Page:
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Community Corrections: Improving offenders lives and the community

Rebekah M. Oliva

Cal Baptist University

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For over the past thirty years the United States has been known to overly rely on

incarceration as a response to crime. In 2008, one in 100 (2.3 million) adults were behind bars

(Washington D.C.:The Pew Charitable Trusts, 2009). According to the Sentencing Project

Organization, the prison population has increased over five hundred percent over the last thirty

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years. Though, mass incarceration has received significant attention politically and socially, it is

not the largest category of growth in the criminal justice system. The area with far more growth

and far less attention is community corrections, more commonly known as probation and parole.

In 2009, 5.1 million adults were under one of the forms of community corrections (McGerry,

2013). Community corrections supervises offenders who are under the authority of the criminal

justice system but are completing their sentences while living in the community. Community

corrections is intended to be used as an alternative to incarceration for offenders that are not

deemed a threat to public safety (Walshe, 2012). Typically, these sentences are given to

(Walshe, 2012). Typically, these sentences are given to offenders who commit nonviolent crimes, majority of them

offenders who commit nonviolent crimes, majority of them drug related. The purpose of

community corrections is to rehabilitate offenders, reduce recidivism, and deter crime. Yet, it

does the complete opposite. About two-thirds of those in a community corrections program will

go back to jail within three years (Kleiman & Hawken 2008). Therefore, there is clearly a

problem with the community corrections system. This can largely be contributed to the lack of

state funds which hinders supervision and increases the chance of offenders violating the terms

of their probation or parole. In 2008, 34 states spent 88 percent of the corrections spending

(18.65 billion dollars) on prisons, while only 12 percent (2.52 billion dollars) was spent on

community corrections (Washington D.C.: The Pew Charitable Trusts, 2009). The budget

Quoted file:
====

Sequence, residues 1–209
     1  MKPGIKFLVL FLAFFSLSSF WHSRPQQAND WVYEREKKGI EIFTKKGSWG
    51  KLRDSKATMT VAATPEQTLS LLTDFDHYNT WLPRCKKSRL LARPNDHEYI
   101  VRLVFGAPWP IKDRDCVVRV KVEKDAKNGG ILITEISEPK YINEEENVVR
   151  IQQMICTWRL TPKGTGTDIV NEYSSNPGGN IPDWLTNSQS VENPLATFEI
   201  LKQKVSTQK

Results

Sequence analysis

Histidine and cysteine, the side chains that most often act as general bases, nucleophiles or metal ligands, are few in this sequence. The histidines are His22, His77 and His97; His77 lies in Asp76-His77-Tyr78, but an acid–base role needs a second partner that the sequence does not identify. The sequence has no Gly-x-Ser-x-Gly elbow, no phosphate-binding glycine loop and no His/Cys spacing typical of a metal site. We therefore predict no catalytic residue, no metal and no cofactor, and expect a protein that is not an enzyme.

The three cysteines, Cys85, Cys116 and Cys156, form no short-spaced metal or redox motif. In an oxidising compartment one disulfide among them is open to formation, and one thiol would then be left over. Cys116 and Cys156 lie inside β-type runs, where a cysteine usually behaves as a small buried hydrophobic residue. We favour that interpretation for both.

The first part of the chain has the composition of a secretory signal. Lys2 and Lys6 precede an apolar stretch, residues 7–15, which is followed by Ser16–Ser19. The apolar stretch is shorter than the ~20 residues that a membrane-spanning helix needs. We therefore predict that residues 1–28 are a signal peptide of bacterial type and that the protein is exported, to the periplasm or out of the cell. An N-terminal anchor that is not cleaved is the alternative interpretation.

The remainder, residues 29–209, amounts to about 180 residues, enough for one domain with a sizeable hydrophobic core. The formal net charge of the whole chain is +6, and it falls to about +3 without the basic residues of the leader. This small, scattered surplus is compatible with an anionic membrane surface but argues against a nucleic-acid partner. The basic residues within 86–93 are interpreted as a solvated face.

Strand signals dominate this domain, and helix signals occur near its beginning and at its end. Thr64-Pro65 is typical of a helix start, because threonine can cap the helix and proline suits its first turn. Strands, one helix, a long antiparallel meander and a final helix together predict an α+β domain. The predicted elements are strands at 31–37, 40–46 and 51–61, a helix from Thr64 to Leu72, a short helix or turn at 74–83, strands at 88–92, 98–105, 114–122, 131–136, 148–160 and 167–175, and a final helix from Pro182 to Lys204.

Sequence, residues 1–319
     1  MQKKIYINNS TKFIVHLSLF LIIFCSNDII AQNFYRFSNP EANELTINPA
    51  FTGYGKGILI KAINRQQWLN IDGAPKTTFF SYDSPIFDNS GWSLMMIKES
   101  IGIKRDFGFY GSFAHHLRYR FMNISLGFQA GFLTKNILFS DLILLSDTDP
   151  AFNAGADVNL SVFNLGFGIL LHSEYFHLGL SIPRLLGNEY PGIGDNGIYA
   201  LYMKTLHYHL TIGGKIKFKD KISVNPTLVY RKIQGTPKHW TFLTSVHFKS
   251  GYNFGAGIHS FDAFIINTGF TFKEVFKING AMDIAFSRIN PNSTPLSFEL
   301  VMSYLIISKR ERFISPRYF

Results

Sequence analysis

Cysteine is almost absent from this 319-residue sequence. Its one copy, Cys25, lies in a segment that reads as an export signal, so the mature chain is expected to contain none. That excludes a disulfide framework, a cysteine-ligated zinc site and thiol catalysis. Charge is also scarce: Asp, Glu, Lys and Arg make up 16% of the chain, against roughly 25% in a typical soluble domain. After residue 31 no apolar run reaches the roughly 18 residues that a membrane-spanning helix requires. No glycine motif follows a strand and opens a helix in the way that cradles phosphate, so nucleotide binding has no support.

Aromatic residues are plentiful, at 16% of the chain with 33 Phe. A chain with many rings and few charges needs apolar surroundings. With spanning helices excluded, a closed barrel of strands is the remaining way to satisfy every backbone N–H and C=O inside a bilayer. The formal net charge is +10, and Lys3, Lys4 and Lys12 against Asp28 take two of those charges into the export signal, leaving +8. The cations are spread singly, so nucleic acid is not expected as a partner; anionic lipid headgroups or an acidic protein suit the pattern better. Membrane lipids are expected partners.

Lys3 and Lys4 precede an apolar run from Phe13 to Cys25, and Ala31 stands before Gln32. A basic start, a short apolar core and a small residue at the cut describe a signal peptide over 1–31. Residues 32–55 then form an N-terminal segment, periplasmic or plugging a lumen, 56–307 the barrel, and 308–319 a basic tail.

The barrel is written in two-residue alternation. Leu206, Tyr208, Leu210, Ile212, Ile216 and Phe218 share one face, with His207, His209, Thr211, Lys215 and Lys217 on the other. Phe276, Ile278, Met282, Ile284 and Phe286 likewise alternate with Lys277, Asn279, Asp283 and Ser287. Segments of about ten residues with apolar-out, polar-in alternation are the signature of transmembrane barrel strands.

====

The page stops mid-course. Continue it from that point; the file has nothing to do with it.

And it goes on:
constraints, lack of resources, and lack of supervision fails to help rehabilitate the lives of

offenders. Research has shown that successful community correction programs for low risk,

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nonviolent offenders not only cost less than incarceration, but when they are properly executed

can reduce recidivism by at least thirty percent (McGerry, 2013). By allocating more of the state

budget dollars to community corrections and restructuring the probation and parole more could

be done to increase the quality of supervision, rehabilitate nonviolent offenders, reduce

recidivism, and deter crime.

nonviolent offenders, reduce recidivism, and deter crime. The largest group of offenders under community corrections

The largest group of offenders under community corrections are those on probation. In

2009, 4 million offenders about 84 percent of the community correction population were on

probation (McGerry, 2013). Probation is a court ordered period of supervision in the community.

Probation can sometimes be part of a combined sentence, either prison or jail, immediately

followed by a period of community corrections. The other form of community corrections is

parole. Parole is a period of conditional supervised release in the community following a prison

term. Parole is very similar to probation with only a few minor differences, mainly that it is

served after their prison term. The courts set the rules and the conditions of the supervision. The